As a coda, and on reflection, I think we need to think carefully about how work is valued and attributed in technical projects. Architects often proudly say “I built that house.” Did they actually lift the hammer and cut the wood? Probably not, but I think they have a right to proudly state their contribution as much as user testers, designers, developers, managers, QA folk, and ideas people have a right to state and be recognised for the contribution they made towards a software. Not only that, we should all celebrate and recognise the large variety of contributions that goes into making software and find effective, lasting, ways to tell those stories.

The Anti-Collaboration Alliance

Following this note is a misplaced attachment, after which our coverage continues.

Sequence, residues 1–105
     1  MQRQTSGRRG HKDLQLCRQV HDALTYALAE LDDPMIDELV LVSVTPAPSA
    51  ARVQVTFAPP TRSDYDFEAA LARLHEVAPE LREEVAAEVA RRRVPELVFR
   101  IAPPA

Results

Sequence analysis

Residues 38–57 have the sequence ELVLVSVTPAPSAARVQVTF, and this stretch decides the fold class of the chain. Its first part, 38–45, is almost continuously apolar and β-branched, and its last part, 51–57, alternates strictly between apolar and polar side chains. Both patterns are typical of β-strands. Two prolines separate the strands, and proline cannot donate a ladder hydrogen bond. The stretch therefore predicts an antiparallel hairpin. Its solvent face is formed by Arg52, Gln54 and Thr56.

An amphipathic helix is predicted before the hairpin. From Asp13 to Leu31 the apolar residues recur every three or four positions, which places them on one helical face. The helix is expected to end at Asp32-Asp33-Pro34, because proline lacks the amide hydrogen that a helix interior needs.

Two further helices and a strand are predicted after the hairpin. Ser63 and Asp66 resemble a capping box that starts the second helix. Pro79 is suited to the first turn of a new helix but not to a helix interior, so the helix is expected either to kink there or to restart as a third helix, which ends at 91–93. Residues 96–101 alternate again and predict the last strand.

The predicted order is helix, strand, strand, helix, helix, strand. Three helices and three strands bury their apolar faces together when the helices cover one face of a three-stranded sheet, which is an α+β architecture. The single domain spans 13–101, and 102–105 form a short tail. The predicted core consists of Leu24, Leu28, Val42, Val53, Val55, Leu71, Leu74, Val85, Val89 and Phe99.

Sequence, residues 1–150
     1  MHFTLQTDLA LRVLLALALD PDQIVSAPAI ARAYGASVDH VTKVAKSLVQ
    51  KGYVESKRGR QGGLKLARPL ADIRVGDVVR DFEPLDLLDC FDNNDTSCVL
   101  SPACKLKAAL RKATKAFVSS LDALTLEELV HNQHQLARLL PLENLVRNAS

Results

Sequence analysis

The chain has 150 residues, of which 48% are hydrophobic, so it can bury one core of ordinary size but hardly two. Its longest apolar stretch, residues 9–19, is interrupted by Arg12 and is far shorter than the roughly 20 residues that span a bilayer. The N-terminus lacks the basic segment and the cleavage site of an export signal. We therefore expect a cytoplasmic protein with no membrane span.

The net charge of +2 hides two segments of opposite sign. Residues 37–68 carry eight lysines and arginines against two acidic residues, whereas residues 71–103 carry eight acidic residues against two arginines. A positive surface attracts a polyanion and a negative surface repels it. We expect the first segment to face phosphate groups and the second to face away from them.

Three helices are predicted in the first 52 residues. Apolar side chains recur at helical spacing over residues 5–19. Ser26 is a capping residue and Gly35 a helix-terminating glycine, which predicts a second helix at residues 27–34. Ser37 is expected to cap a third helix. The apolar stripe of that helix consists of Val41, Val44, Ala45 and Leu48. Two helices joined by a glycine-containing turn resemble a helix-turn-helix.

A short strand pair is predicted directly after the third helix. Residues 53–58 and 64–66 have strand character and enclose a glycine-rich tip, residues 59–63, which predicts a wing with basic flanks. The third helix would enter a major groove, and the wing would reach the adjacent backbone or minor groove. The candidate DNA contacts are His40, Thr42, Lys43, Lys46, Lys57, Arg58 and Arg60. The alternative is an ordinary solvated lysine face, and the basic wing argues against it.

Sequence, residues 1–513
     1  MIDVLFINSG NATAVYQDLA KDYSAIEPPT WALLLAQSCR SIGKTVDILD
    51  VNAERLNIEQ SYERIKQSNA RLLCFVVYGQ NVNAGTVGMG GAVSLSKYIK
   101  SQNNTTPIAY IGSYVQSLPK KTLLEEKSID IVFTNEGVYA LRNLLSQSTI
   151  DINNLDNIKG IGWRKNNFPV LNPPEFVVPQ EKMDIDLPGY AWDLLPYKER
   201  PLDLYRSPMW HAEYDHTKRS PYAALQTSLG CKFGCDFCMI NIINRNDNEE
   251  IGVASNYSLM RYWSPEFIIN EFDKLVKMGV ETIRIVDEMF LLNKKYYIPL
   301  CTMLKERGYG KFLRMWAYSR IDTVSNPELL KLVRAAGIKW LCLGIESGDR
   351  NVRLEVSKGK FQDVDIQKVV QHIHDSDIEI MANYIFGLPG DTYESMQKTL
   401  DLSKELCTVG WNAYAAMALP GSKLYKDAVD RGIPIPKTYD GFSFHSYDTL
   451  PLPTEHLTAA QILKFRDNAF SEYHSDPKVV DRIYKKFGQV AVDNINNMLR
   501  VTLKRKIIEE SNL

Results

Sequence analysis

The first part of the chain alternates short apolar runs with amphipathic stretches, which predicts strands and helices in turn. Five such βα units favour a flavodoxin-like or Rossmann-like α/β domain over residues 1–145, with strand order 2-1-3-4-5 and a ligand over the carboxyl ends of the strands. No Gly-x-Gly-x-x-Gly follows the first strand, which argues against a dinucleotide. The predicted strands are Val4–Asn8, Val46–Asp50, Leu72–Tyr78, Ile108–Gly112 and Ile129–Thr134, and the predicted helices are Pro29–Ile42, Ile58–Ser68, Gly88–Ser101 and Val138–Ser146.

Three factors have colluded to extinguish the value of collaboration in text production:

  • copyright
  • romanticism
  • marketing

These factors work towards preserving the idea of an ‘author’ as a solitary, elite constructor of literature.

There are a bunch of people that have written about the myth of the solitary author-genius. Most notable are Jack Stillinger (Multiple Authorship and the Myth of Solitary Genius) and Martha Woodmansee and Peter Jaszi (The Construction of Authorship). The second work is an edited anthology and much more readable than the first, however both are worth checking out.

Reading these texts, it is easy to picture the perfect alliance of forces designed to promote a simplified attribution and at the same time diminish the idea of collaborative production with all its sticky complexities and apparent contradictions.